Mr. Nicholas Winterton: Does the Minister anticipate any end to the efficiency gains that can be made by sixth form colleges and colleges of further education?

Dr. Howells: There are many opportunities for continuing efficiency gains, not least of which is the

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proper application of information technology and other new technologies for education. I am looking forward to future gains and to better quality education all round.

Grant-maintained Schools

15. Sir Richard Body: To ask the Secretary of State for Education and Employment what proportion of the sums that will be taken from grant-maintained schools under his proposals will be delegated directly to schools. [204]

Mr. Byers: We are committed to establishing a funding system that does not discriminate unfairly between schools or pupils. We shall take work forward on that basis and will consult widely on specific proposals.

Sir Richard Body: Will the Minister give us some idea of what principles will guide the re-allocation of that money?

Mr. Byers: The principles will be fairness and justice--and we saw very little of that under the previous Administration. This Government are about valuing all our children, not just a few. All of our policies will be based on those clear, fundamental principles.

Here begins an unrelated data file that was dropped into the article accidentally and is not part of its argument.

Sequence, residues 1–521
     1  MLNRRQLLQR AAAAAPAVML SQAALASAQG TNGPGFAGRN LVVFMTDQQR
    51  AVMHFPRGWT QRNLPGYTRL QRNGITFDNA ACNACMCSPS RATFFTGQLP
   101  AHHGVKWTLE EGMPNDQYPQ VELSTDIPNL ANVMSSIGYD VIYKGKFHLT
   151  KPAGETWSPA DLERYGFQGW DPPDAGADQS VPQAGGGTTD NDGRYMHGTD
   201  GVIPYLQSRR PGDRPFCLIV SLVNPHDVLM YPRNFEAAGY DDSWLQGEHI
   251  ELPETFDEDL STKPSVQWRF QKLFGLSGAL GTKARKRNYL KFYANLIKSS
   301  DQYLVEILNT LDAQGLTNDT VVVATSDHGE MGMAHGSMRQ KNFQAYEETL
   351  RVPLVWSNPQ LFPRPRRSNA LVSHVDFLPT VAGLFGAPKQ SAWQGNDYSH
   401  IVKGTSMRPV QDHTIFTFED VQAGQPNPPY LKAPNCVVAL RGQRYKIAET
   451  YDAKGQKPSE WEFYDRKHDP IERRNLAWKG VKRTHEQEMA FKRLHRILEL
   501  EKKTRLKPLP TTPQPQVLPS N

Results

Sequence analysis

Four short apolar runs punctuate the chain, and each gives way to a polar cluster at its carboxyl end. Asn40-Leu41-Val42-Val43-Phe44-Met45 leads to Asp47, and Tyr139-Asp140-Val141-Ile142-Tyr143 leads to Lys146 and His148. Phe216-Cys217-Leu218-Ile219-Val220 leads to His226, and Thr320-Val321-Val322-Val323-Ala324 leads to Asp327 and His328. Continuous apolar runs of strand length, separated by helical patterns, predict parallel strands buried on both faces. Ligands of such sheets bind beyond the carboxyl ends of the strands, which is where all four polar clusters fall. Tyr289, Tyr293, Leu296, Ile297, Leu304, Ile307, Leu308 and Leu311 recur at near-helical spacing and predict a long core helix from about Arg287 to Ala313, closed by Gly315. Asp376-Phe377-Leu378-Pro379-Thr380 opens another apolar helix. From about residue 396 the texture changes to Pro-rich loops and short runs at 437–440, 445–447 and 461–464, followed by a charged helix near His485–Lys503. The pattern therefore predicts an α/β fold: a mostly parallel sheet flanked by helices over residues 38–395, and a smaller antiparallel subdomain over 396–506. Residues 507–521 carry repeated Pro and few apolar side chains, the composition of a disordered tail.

Mrs. Browning: On the subject of fairness and justice, I remind the hon. Gentleman of the letter that he sent me two days ago, outlining why the Secretary of State had refused GM status to a Roman Catholic senior school for girls in Exeter. In the final paragraph of that letter, he informed me:

Presumably, that partnership will come from the local education authority.

Is the Minister aware that I received information today that the LEA, the chief education officer and the council's officers have sent e-mails to people who opposed GM status for Mount St. Mary's, congratulating them and thanking them for their support? What fairness and justice is there in asking parents to send their children 60 miles away in order to access a Catholic education when the person that the Minister recommends as having a "spirit of partnership" has congratulated people for supporting his right hon. Friend's decision?

Mr. Byers: I am pleased to see the hon. Lady in her place. I thank her for the small part that she played in ensuring such a victory for the Labour party at the general election.

Mrs. Browning: Come on, let us have it. What about fairness and justice?

Mr. Byers: It is clear that the hon. Lady is not aware of the specific recommendations that were made by officials for grant-maintained status. Clear recommendations were made, and on balance my right hon. Friend decided to reject the application. The application was rejected, based on the principles of fairness and justice.